Larry Fitzgerald's Injury Presents Opportunity for Michael Floyd to Shine

Maxwell Ogden@MaxwellOgdenCorrespondent IIISeptember 16, 2013

December 30, 2012; San Francisco, CA, USA; Arizona Cardinals wide receiver Larry Fitzgerald (11, left), wide receiver Michael Floyd (15), and tackle D'Anthony Batiste (74) celebrate after Floyd scored a touchdown during the fourth quarter against the San Francisco 49ers at Candlestick Park. The 49ers defeated the Cardinals 27-13. Mandatory Credit: Kyle Terada-USA TODAY Sports
Kyle Terada-USA TODAY Sports

During the Arizona Cardinals' 25-21 win over the Detroit Lions, star wide receiver Larry Fitzgerald left the game after aggravating a hamstring injury. Since then, the NFL community has been struggling to determine the significance of the injury.

While no one wants Fitzgerald to miss time, one individual benefits from the star being hobbled: second-year receiver Michael Floyd.

According to Mike Florio of Pro Football Talk, Fitzgerald didn't make his lingering hamstring injury any worse during Week 2. Instead, he simply struggled to play through the pain.

Below, you can see a full breakdown of what this injury could mean for Fitzgerald's future via B/R's resident injury expert, Will Carroll.

No one wants Fitzgerald to miss time, but if he does, Floyd will reap the benefits.

Floyd was selected No. 13 overall in the 2012 NFL draft, as the Cardinals looked to give Fitzgerald his first reliable No. 2 since Anquan Boldin departed in 2010. As a rookie, Floyd played in all 16 games and caught 45 passes for 562 yards and two touchdowns.

Here's why Fitzgerald's injury presents Floyd with the perfect opportunity to finally break through.


Big-Play Threat

For those unfamiliar, Floyd is a 6'2" and 220-pound wide receiver who caught 271 passes for 3,686 yards and 37 touchdowns in four seasons with the Notre Dame Fighting Irish. He topped 1,000 yards receiving twice and amassed at least nine touchdowns in each of his final three seasons.

You could see why he was a top 15 pick in 2012.

The most dangerous aspect of Floyd's game is how lethal he is once the ball is in the air, as he has the size, power and hands to step up against any cornerback or safety.

Not only does this make him a quality option on a down-by-down basis, he's also dangerous in the red zone.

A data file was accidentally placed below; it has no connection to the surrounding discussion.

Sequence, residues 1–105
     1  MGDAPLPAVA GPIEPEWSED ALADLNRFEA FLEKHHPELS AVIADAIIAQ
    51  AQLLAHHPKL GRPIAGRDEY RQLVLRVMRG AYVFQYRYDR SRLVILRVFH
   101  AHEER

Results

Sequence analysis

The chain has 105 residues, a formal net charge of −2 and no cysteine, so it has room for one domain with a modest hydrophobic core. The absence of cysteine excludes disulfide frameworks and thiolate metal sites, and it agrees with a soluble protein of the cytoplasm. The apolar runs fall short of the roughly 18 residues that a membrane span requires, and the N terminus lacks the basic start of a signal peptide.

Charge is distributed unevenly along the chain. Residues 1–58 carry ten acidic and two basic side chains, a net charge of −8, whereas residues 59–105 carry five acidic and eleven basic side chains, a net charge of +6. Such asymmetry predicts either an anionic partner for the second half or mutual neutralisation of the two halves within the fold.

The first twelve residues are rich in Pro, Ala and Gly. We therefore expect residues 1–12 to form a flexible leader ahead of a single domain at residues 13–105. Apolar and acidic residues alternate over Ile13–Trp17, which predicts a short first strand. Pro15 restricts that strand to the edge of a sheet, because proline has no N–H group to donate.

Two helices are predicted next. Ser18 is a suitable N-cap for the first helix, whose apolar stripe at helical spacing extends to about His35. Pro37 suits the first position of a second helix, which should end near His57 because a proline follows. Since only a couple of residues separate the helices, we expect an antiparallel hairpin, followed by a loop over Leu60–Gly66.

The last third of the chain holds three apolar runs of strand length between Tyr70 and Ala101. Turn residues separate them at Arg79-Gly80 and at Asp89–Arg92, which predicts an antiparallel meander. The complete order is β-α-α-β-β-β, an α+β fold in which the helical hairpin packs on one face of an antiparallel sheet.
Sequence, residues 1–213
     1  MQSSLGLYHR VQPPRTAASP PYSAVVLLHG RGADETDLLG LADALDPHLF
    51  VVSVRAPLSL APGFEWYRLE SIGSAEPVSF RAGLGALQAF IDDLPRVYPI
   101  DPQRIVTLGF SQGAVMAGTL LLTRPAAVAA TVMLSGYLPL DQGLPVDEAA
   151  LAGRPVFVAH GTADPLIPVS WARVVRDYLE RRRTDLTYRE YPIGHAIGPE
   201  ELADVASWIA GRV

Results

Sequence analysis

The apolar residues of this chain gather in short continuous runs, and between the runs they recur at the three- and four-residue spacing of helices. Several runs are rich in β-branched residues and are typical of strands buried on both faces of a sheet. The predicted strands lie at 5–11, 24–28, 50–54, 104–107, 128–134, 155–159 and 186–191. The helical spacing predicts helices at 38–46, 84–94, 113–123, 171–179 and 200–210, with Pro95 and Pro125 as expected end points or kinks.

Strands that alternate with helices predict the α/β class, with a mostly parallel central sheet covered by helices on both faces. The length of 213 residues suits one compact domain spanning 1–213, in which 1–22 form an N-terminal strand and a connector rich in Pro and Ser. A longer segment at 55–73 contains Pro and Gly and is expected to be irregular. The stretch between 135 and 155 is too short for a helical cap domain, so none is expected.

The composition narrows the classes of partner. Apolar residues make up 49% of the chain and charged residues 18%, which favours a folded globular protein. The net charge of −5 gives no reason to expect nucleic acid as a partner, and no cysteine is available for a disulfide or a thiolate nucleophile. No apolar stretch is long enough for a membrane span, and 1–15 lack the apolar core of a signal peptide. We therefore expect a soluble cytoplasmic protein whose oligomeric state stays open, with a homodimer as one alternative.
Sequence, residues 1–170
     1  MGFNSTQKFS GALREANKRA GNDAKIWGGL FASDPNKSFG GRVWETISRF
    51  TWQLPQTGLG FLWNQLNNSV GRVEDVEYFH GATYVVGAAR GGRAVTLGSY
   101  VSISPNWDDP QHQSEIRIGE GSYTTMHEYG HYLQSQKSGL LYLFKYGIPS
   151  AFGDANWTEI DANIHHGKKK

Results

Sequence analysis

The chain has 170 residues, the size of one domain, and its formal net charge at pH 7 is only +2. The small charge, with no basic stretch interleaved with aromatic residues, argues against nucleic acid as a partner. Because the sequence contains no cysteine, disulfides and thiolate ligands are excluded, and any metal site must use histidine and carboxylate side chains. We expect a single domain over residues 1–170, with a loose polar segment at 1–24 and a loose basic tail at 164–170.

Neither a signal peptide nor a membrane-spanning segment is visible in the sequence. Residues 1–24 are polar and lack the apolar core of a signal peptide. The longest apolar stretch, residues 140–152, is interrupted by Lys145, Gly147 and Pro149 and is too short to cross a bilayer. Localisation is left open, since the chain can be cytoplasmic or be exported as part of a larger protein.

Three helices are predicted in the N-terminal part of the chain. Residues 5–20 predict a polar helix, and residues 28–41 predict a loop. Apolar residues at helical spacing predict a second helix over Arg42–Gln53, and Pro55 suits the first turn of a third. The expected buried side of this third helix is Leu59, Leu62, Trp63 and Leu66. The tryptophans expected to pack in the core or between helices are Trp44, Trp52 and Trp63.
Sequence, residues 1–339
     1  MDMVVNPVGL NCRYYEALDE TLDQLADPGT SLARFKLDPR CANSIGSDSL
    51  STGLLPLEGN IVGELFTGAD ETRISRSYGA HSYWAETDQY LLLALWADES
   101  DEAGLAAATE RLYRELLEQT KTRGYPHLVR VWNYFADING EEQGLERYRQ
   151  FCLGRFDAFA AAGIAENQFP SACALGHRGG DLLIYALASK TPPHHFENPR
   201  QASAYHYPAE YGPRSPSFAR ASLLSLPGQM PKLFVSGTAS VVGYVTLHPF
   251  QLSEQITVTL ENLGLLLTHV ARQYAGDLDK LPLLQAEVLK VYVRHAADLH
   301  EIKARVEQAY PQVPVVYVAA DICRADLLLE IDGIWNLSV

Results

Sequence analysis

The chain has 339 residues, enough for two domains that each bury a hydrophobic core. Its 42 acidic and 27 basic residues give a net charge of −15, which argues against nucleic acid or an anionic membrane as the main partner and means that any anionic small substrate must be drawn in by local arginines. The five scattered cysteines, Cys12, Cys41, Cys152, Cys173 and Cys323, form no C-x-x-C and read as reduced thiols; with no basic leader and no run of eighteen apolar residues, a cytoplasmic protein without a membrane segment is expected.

With Carson Palmer at quarterback, there couldn't be a better fit.

Andre Roberts has been impressive, but Floyd has averaged 14.9 yards per reception through two games. That includes a 44-yard reception in Week 1 that displayed just how much damage he can do once the deep ball is thrown up.

If Fitzgerald misses time, that means Floyd will have even more opportunities to shine in that capacity.

Roberts, 5'11" and 195 pounds, is a very good receiver, but his size limits his downfield potential. Floyd, three inches taller and 25 pounds heavier, is the only player other than Fitzgerald who can help in that regard.

Also keep in mind that the Cardinals don't have a run game to turn to.


Need to Throw

In Week 3, the Cardinals will play the New Orleans Saints at the Superdome. The Saints may be struggling to get their offense going, but with Drew Brees under center, an eruption could come at any moment.

For that reason, the Cardinals will need to throw the football—as if they have another option to begin with.

Rashard Mendenhall has topped 60 yards in consecutive games, but the Cardinals' run game is limited to short-yardage situations and plays to open up the pass.

Palmer is averaging 39.5 pass attempts per game, and against a team that's known to run up the score, that number is unlikely to decrease.

Someone needs to catch the passes.

The Saints may have an improved defense, but Floyd is the type of receiver who has been known to exploit the secondary. He has the size to go up against the safeties and the strength to overwhelm the corners, which makes him an intriguing fantasy option in Week 3.

After this matchup, we'll have our answer regarding whether or not Floyd can become a star in 2013.